How we selected the starter set of resources, and curated ‘Our Selection’
July 17, 2020, 8:25 a.m.
It is part of our mandate within the EU-Citizen.Science project to take stock of the vast number of existing tools, guidelines and other materials available in and for citizen science, and to highlight, curate and organise those that are high quality and represent best practice in the field. This is at the heart of the second objective for our project, to CONSOLIDATE the citizen science knowledge base and celebrate outstanding practices and state of the art in citizen science in Europe.
Naturally, as we launch the alpha version of the platform (which is the first objective of our project), we also want to have a great starter set of resources available for the wider citizen science community to browse and find, that serves as a good example of the types of resources and projects we are asking people to add and share.
We therefore took the opportunity to test the quality criteria that we developed for the resources (See: ‘How we developed the quality criteria for resources’) while collecting a starter set of resources for the alpha release of the platform. As we did so, we asked all of the members of the consortium to add a Gold Star to those profiles that should be included in our own curated selection of best practice resources.
We first started with a set of resources that were suggested by the consortium members during our project kick-off meeting in Berlin, then a set of resources that were collected through the WP5 Training Needs Survey, and then asked for any additional resources to be added by consortium members as part of our WP3 quality criteria development process.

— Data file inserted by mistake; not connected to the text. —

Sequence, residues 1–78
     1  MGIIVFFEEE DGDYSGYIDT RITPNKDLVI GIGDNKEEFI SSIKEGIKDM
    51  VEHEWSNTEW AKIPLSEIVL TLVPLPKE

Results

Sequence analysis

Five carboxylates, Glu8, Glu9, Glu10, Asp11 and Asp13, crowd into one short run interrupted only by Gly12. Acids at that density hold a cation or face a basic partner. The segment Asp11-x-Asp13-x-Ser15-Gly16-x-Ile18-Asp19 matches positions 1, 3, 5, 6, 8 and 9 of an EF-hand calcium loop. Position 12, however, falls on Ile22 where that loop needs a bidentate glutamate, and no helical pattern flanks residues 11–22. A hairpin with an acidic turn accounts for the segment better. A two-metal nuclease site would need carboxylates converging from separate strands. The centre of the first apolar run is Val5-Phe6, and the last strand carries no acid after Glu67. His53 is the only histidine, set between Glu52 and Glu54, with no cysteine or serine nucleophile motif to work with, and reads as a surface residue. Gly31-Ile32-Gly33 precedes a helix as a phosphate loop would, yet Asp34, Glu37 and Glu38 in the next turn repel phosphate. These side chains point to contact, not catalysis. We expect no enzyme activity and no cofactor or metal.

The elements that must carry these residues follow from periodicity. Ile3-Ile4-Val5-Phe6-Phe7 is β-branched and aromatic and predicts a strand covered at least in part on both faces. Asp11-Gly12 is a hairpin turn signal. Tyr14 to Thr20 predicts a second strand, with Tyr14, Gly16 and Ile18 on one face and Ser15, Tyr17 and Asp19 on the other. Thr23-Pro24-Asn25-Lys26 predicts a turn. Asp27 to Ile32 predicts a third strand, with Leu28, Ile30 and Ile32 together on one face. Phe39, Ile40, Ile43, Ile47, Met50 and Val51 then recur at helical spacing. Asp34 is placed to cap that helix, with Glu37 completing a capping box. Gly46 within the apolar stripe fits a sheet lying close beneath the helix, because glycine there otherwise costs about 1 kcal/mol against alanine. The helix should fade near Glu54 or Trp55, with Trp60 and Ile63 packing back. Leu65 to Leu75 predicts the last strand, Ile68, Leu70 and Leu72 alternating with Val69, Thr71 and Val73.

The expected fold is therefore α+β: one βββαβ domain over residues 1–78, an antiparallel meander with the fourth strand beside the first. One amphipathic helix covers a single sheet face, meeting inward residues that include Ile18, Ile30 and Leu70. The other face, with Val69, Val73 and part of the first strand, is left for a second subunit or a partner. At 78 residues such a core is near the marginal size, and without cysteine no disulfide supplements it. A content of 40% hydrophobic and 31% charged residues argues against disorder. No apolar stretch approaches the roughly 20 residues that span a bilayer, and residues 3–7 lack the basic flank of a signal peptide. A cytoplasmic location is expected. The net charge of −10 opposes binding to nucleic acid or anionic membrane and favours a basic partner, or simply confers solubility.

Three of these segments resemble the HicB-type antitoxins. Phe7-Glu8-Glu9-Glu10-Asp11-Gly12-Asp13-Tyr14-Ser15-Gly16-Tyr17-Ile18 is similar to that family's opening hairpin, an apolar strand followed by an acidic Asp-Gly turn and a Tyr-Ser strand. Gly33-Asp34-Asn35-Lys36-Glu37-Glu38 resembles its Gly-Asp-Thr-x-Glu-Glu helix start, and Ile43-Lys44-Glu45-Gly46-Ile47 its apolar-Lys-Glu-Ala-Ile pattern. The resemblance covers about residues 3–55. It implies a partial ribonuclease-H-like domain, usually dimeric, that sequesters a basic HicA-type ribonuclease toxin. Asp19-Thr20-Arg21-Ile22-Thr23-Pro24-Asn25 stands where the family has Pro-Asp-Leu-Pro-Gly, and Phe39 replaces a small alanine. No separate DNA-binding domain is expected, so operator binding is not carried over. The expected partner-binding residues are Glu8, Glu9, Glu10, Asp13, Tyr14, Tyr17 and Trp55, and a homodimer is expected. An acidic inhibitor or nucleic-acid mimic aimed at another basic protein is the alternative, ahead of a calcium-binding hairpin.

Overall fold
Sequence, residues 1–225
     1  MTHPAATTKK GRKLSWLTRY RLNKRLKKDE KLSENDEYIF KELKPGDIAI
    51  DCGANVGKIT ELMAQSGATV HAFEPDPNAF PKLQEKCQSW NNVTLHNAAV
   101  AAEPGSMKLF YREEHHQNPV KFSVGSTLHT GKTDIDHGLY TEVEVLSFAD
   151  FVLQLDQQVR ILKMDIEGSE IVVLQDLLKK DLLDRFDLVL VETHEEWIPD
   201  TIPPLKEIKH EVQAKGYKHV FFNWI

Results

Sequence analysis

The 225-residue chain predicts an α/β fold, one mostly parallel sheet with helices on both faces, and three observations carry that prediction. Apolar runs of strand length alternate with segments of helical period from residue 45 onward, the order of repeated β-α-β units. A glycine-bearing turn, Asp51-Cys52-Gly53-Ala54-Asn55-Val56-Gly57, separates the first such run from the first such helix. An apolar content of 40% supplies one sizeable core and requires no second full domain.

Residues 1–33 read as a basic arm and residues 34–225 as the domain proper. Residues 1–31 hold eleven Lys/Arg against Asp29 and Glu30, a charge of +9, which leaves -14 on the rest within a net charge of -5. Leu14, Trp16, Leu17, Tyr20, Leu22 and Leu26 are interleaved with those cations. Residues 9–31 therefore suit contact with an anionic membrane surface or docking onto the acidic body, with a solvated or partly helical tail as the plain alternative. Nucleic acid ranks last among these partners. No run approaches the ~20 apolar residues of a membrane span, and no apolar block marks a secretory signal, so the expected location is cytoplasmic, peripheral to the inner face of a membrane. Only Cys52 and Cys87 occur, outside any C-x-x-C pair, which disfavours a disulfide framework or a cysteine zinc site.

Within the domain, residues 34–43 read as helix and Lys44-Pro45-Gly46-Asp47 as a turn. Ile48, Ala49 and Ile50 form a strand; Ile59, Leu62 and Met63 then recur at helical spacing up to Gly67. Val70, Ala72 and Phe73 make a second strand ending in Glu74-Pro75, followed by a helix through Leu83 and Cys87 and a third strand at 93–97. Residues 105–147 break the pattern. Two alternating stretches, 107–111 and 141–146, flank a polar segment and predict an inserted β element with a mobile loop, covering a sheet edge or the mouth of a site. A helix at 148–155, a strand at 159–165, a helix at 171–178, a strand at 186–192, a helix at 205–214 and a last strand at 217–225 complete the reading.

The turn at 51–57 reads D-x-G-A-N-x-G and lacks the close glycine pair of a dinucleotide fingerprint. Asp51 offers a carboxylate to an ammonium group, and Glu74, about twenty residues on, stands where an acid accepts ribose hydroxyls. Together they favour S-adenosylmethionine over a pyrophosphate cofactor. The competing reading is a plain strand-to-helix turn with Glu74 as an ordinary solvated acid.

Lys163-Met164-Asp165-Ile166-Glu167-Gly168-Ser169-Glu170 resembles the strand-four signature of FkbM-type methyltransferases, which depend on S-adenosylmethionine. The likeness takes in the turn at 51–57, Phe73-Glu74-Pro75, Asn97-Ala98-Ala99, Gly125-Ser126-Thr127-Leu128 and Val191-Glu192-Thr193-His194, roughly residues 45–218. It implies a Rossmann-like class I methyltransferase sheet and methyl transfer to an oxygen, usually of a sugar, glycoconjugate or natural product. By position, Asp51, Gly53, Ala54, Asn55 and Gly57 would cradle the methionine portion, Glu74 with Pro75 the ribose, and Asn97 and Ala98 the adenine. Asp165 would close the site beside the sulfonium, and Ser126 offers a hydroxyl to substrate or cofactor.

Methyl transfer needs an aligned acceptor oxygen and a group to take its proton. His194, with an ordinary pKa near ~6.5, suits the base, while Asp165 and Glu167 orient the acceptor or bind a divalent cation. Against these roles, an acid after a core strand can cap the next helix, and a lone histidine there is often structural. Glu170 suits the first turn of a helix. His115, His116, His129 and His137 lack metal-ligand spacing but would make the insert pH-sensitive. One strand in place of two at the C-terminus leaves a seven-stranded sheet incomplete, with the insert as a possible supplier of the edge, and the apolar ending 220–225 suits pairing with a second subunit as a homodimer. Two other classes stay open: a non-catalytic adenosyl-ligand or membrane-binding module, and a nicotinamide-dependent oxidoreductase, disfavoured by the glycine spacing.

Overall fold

Using a Google Form to fill in all of the mandatory and optional resource profile information, we then also used the same google form to thoroughly go through the entire quality criteria moderation process (shown in the table below) for our own starter set. The specific criteria for resources were thus assessed against a 5-point scale, and all resources that exceeded the 50%-of-total-possible-points threshold are included in the online starter set.
The resulting spreadsheet of good quality resources was then sorted to highlight those that had been given a Gold Star, and those were further organised according to their ‘theme’. These indicate the stage of the citizen science project lifecycle that the resource relates to.
To keep the structure of the Our Selection page on the website easy to see and navigate we have used the 4 main stages of any project as our categories for organising the ‘Gold Star’ resources, namely Initiation, Planning, Execution, and Impact & Evaluation (more frequently called Closure in project management texts).